Psychedelic Therapy 101: Setting Intentions Before Ketamine Treatment
Psychedelics, when used thoughtfully, can help induce life-changing experiences. In a 2006 Johns Hopkins study of psilocybin (the psychedelic chemical in magic mushrooms), over half of the participants rated the experience as “among the five most personally meaningful” of their lives... 14 months later!
For the past half-century, expert psychedelic clinicians and researchers have employed methods that commonly produce profound therapeutic benefits. But what are these methods, and how can you incorporate them into your Mindbloom journey?
The first step is setting your intentions.
Why it’s important to set intentions
Intention setting has always been an essential component of psychedelic therapy, employed by early psychedelic therapists in the mid-20th century and in today’s groundbreaking psychedelic research centers at prestigious academic institutions such as Johns Hopkins University and Imperial College London.
You may have heard the terms “set” and “setting” used in relation to a psychedelic experience. The psychedelic experience is rooted in the user’s character, expectations, and intentions, which are referred to as “set” (mindset, abbreviated). The social and physical surroundings in which the event takes place are referred to as “setting”.
Establishing intentions prior to a psychedelic experience can help cultivate the right “set” by priming your mind with your objectives, or what you hope to gain or learn from the experience. When combined with the right setting, this dramatically increases the likelihood of having a positive, therapeutically valuable experience.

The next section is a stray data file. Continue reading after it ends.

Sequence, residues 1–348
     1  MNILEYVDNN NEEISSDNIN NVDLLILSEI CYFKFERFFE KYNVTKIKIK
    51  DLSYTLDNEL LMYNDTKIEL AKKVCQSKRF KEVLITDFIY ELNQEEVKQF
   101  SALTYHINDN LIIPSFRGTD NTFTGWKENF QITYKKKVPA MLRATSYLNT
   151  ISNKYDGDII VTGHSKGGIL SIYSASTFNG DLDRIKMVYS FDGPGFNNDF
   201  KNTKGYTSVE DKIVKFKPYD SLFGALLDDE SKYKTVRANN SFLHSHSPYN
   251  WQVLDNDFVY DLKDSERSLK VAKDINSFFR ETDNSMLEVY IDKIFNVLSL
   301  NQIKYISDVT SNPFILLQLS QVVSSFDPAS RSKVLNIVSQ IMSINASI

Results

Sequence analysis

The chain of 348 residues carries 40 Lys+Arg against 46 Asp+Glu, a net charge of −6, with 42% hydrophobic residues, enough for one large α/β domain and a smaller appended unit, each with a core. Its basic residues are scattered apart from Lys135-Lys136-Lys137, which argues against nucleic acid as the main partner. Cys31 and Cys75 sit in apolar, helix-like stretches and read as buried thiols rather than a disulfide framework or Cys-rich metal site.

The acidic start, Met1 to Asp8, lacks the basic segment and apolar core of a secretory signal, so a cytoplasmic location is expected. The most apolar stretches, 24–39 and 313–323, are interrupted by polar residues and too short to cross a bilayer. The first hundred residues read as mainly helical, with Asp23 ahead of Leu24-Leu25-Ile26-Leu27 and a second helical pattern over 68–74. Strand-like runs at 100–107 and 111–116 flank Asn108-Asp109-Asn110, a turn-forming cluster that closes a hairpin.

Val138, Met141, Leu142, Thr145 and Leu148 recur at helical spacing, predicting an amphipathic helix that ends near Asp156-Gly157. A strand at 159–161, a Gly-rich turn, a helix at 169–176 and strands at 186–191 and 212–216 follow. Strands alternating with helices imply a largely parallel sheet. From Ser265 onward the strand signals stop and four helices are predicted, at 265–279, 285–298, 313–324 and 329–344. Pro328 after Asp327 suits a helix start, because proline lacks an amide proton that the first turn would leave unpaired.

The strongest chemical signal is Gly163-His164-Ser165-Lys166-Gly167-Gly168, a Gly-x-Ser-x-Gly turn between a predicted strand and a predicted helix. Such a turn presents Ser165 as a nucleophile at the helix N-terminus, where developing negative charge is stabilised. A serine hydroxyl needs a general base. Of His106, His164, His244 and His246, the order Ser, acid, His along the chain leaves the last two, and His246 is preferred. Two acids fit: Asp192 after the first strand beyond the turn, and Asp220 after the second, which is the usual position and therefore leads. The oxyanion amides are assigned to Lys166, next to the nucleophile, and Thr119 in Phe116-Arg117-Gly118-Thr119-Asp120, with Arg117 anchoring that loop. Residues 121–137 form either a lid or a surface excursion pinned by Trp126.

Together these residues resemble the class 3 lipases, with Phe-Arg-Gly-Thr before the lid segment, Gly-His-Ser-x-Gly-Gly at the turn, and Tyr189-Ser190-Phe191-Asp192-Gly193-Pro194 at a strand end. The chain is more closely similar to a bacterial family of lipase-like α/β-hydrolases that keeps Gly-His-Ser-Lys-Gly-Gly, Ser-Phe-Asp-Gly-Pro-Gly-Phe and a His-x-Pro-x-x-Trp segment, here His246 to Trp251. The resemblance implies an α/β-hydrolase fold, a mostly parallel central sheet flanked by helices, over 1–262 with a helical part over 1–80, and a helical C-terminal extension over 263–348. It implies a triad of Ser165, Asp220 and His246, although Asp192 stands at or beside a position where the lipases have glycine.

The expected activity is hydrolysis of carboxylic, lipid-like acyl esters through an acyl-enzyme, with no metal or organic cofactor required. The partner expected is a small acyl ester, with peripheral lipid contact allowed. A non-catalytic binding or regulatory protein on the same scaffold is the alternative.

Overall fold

How to set your intentions
What are the right intentions? Just about anything! An intention can be something serious, such as understanding the root of your depression or anxiety or learning how to deal with a loss. But it can also be something lighter, such as how to find more joy in your daily routine.
A great first step for setting your intentions is to think about what brought you to Mindbloom and what you’re hoping to change in your life. Your intentions work best when they are personal, specific, and focused.
Here are some questions you might ask yourself as you get started:
- Where am I stuck in life?
- What’s holding me back?
- How does my behavior compare to my goals, values, and self-beliefs?
- What would I like to change about my life?
Pro tip: don’t just think through these questions... close your eyes and try to feel them!
Next, write down your intentions. Writing them down is crucial for solidifying these goals in your mind. Prepare 1-2 intentions per session (never more than three).
Common themes include:
- Improving awareness of strengths, weaknesses, blindspots, roadblocks, etc.
- Exploring creative problems and inspirations
- Healing from past traumas
- Improving relationships
- Overcoming bad habits
- Cultivating gratitude
Here are some examples below. You can think of these statements, requests, or questions as the beginning of a dialogue you are initiating with a special part of your subconscious mind - your Inner Healing Intelligence.
- What are the causes of my depression or anxiety?
- Show me how I can be a better partner to my significant other
- Help me understand what's holding me back at work
- I will be more patient and empathetic
- How can I overcome my bad habit?
Need some expert guidance? Before your first session, you’ll also have the opportunity to discuss and reinforce your intentions with your Mindbloom clinician.
Putting your intentions into practice